Caramel is one of those ingredients that makes mouths everywhere water. And for good reason, it is a simple thing that you can make sweet & savory dishes alike that much more delicious.
For something that seems so complex, caramel is astonishingly simple. Seriously, you would think something that tasty would have a lot more going on, but alas, it does not.
All you have to do is take sugar and heat it to a specific temperature. By doing this, you are changing its molecular structure and set off chemical reactions that change it into different compounds.
These compounds melt, go clear, and then start taking on color as it, well, caramelizes! I like to think of it as toasting sugar. The process takes a straightforward sweetness and gives it depth and character. Science at its finest.
There are two methods of making caramel: dry and wet. The “dry” method means you melt sugar and sugar alone in the pot until it liquefies. The “wet” method means adding a bit of water to the sugar in the pot to help it melt more evenly.
No matter your preferred method, be sure to have a heavy bottom pot that will heat evenly and a candy or digital thermometer on hand. This process is all about temps and a few degrees off can mean a burned batch.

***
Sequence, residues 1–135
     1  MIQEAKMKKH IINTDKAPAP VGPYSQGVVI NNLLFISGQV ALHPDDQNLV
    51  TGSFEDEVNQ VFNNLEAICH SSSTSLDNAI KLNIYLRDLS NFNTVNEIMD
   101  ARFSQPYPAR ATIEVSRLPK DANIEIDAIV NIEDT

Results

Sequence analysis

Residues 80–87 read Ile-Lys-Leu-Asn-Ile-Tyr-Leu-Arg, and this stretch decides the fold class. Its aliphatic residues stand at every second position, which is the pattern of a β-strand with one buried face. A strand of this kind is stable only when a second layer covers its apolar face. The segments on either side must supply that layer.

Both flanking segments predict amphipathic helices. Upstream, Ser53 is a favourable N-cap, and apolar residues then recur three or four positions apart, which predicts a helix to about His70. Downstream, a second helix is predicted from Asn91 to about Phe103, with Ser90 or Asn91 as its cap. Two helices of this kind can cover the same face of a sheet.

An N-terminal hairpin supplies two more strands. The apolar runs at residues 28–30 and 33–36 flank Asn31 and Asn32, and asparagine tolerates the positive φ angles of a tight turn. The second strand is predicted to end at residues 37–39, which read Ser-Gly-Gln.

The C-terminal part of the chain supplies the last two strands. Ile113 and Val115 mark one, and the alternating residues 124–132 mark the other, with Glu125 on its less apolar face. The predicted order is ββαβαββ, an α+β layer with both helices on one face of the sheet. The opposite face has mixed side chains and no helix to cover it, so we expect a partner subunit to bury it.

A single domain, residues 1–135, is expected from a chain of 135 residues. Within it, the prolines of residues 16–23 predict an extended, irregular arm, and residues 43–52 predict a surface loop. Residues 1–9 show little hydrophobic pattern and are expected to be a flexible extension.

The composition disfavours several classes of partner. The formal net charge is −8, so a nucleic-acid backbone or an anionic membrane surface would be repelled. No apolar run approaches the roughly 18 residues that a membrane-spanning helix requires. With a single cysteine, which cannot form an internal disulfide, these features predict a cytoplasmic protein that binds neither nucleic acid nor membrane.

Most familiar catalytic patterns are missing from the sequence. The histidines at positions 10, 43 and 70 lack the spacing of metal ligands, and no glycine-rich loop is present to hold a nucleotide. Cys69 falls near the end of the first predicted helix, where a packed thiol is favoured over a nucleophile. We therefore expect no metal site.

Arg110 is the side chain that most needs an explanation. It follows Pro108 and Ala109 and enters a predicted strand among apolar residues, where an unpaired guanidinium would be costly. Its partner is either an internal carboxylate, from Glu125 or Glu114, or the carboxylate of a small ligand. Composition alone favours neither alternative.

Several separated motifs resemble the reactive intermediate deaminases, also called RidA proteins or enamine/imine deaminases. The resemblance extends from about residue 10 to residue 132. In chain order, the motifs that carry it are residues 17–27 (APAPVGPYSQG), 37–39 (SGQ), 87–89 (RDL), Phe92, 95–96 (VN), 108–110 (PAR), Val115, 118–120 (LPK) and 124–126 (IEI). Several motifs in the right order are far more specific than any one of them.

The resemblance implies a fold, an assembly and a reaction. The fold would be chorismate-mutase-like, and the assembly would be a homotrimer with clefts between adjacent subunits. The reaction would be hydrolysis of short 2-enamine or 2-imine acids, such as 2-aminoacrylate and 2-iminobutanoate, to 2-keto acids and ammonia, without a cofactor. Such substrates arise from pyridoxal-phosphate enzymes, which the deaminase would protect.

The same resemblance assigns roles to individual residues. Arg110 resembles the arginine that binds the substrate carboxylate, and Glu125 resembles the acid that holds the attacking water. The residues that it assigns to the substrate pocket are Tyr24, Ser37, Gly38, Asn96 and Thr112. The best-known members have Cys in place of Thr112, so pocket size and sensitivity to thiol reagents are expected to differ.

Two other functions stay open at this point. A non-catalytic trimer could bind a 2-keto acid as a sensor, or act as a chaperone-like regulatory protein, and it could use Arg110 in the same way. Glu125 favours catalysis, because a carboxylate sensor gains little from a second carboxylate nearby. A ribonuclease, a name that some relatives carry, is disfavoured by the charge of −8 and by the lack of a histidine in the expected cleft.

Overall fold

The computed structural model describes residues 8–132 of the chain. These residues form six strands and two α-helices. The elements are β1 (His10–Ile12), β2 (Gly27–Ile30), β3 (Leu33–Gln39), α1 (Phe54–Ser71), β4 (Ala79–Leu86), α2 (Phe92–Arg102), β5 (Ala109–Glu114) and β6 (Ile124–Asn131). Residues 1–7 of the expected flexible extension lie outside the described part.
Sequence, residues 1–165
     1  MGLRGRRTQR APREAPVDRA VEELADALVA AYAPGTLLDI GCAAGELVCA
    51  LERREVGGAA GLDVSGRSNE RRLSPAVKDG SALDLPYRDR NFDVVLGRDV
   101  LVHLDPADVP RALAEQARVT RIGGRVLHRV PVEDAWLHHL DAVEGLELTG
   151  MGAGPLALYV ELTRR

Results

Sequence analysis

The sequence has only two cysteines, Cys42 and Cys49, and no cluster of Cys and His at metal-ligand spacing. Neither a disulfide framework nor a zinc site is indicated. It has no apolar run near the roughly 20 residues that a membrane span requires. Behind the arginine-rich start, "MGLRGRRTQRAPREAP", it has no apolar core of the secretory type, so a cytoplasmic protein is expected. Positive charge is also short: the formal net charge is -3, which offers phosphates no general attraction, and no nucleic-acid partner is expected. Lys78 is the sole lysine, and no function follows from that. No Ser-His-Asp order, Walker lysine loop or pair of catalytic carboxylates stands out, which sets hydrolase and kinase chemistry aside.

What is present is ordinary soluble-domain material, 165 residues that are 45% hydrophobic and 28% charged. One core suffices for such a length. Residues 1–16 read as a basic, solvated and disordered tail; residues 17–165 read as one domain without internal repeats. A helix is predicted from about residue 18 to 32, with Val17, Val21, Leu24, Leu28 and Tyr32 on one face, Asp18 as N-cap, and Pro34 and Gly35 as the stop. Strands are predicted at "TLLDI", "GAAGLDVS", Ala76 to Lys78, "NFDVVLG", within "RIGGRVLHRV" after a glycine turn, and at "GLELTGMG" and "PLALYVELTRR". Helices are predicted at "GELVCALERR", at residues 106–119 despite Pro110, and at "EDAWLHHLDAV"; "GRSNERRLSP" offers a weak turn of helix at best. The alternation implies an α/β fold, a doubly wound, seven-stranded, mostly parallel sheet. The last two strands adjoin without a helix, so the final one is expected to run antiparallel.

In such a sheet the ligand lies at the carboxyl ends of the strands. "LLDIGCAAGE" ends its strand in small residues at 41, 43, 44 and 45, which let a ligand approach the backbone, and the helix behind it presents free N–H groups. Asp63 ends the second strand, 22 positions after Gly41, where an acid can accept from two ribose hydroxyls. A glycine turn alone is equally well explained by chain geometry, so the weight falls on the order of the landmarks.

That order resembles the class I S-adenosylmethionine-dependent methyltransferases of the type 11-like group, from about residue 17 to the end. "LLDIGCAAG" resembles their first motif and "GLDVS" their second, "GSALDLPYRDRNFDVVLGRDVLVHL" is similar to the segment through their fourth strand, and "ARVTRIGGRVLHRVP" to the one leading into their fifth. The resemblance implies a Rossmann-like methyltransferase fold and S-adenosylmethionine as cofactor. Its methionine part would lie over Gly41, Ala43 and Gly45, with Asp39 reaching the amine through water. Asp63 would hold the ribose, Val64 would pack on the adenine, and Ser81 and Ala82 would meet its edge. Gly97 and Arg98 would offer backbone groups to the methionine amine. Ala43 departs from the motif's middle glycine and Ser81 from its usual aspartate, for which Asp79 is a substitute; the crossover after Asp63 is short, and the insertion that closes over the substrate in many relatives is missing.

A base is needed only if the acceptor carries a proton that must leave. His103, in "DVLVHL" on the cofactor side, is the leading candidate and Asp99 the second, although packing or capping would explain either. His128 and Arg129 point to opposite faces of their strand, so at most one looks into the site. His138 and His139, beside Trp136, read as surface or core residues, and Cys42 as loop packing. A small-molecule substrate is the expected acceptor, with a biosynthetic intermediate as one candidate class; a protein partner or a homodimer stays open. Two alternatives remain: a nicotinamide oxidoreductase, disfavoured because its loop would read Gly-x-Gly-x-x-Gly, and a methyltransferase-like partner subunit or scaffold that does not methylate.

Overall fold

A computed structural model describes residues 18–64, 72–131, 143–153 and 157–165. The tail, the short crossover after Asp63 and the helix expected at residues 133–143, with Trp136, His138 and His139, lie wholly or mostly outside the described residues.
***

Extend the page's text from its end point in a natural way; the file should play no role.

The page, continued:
Sugar begins to caramelize at 340F and will be mildly toasty and sweet. Most recipes will ask you to cook it to 365-375F. At that point, it will be darker in color and deeper in flavor.
What do you add to caramel?
By adding things like butter or cream to it when it reached the optimal temperature, you can create things like caramel sauce or caramel candies. Other popular additions are things like vanilla extract, sea salt, and lemon juice.
For a savory caramel, something like vinegar or fish sauce is added. If all of this is too much, you can purchase it at the store.
Store-bought or purchased caramel sauce is great for things like cookies, ice cream, flan, cakes, pies, and more.
What is the difference between carmel and caramel?
The only difference here is the region you grew up in and a single letter. When I live in Texas, the former was the popular way to pronounce it. In New York, they would give you crazy looks for pronouncing it that way.
Is caramel burnt sugar?
Without going into too much detail, no. It is the difference between toast and a burned-up piece of bread. Burnt sugar would be black, bitter, and very unpleasant. Think of caramel as “toasted” sugar.
Can you overcook caramel when you make it at home?
Yes, you sure can. Pay close attention to the recipe and the temperature they are asking you to bring the sugar to. Investing in a digital or candy thermometer is essential to make this at home.
How long does it take caramel to turn brown?
This varies based on the pot you are using and your heat source, but it can start taking on the right amount of color in 8-10 minutes.